Virginia Tech witnessed firsthand what an elite ACC team looks like on Saturday.
And for the Hokies, who now feature six freshmen playing significant minutes in their rotation, the lessons gained from the trip to Durham will be the biggest key to identifying how first-year coach Mike Young elevates his own program to that level someday.
What they learned in an 88-64 rout at the hands of Duke is they've got a ways to go.
"I just told my team the same thing I'll tell you," Young said about the Blue Devils. "They were, obviously, very ready to go. My team was ready to go. They played an awfully fine basketball game, and that's about all that needs to be said, I think. They blitzed us early and often. They were better, obviously. They were that good and I didn't think we were awful in spurts. They were just flat out better than my team on this particular evening."
A little over two months removed from leading Duke at half in Blacksburg before letting the Blue Devils eventually rally for a road win, it was nearly over from the start inside of Cameron.
Tre Jones hit back-to-back 3s to start the contest and Cassius Stanley later hit another and before the Hokies could blink, they suddenly trailed 11-2. The Blue Devils made it a double-digit lead on a bucket from Matt Hurt with 13:30 remaining in the first half and by the time the two teams went to the locker room for half, Tech found itself in a crushing 26-point hole.
"We started off hot, we had a good game plan going into it," said Hokies forward Isaiah Wilkins, who finished with 11 points and a season-high six boards. "When a team that good starts like that, it's hard to beat. If we were able to start like that, we would be tough to beat as well."
There wasn't much for Duke not to like about its performance after a disappointing 22-point loss to N.C. State earlier in the week. Four Blue Devils had big nights with Stanley (21), Vernon Carey (16), Hurt (16) and Jones (14) all reaching double figures in the scoring column.
"We have no choice but to guard them the way we guarded them, and some of you may be scratching your heads, thinking that I made a mistake," Young said about defending Carey. "I don't know who in the world can play [Vernon] Carey one-on-one, and I'm trying to do it with the best guy of all-time, but he's not very big, so we've got to constrict the floor. It's what we did in Blacksburg, and it worked out very well for us. Now, he's seen a lot of different defensive looks and a lot of different traps from different angles, and I thought he did a marvelous job of getting over his right shoulder with his left hand. He's a masterful passer; that part of his game has really come on. [They're] a good shooting team. I don't think they're a great shooting team, but, because of how we have to defend, they make eight first-half threes."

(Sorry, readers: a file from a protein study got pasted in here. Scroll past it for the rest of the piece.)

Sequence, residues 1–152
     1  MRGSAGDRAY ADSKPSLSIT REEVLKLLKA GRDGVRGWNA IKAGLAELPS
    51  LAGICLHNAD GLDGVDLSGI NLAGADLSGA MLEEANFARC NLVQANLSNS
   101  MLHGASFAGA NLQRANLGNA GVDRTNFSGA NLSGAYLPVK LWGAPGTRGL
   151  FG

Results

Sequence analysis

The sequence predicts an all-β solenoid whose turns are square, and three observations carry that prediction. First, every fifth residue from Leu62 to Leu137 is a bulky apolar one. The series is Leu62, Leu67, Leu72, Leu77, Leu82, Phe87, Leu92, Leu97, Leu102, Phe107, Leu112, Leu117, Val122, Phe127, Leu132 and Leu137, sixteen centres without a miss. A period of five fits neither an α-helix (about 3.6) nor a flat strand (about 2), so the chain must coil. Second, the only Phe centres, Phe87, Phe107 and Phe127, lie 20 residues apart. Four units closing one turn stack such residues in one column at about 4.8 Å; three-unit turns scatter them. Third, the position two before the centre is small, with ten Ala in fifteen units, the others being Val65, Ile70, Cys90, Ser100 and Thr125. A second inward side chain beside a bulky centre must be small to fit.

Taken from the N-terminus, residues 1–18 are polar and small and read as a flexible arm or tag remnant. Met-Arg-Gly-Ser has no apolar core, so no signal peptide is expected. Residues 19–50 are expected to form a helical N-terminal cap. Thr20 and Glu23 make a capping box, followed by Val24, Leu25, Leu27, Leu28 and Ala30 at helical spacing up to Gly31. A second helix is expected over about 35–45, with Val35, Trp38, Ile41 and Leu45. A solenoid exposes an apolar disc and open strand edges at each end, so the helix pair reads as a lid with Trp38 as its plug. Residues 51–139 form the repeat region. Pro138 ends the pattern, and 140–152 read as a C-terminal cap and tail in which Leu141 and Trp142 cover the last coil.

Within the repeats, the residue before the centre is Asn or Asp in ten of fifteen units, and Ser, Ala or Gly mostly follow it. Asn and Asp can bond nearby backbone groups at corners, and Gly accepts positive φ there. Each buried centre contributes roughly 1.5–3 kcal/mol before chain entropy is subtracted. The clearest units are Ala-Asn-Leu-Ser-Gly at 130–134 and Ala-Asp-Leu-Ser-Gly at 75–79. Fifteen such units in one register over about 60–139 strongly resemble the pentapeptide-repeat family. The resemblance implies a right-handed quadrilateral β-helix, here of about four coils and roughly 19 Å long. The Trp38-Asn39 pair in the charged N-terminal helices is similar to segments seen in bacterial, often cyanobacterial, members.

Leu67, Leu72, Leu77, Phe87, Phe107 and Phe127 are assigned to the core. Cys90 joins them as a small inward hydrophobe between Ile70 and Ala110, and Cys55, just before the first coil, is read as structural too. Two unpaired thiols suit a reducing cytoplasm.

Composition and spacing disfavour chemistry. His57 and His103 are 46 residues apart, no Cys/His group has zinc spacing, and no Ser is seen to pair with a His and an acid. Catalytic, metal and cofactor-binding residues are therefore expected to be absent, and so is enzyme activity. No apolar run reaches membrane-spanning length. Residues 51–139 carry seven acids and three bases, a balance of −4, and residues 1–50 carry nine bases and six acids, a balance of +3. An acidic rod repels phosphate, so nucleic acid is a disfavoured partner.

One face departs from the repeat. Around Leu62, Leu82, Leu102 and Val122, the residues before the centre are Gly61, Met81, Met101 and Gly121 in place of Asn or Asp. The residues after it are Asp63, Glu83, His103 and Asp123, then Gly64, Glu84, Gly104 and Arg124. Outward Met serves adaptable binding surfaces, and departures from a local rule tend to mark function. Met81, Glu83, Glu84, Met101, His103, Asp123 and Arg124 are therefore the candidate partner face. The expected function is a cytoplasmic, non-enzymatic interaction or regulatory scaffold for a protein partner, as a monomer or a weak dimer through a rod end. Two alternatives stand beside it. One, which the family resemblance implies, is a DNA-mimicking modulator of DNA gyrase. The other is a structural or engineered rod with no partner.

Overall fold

The Blue Devils finished 11-of-26 from 3-point range. They also outrebounded Tech 49-31 and finished with nine blocks. Duke led from start to finish and its biggest lead was 30 with 11:56 remaining in the second. Though the Hokies did outscore the Blue Devils 39-37 in the second half.
"We came in going into the game knowing that their shot was going to fall," Tech guard Tyrece Radford said. "We knew that and just had to fight basically. I felt like we did what we could. It wasn't our best game, but it happened." [Them knocking down threes] was not a part of the game plan. We stuck with the plan and did what we were supposed to do. I did feel like we could have had more energy while we were playing. But I do feel like the next game will be better."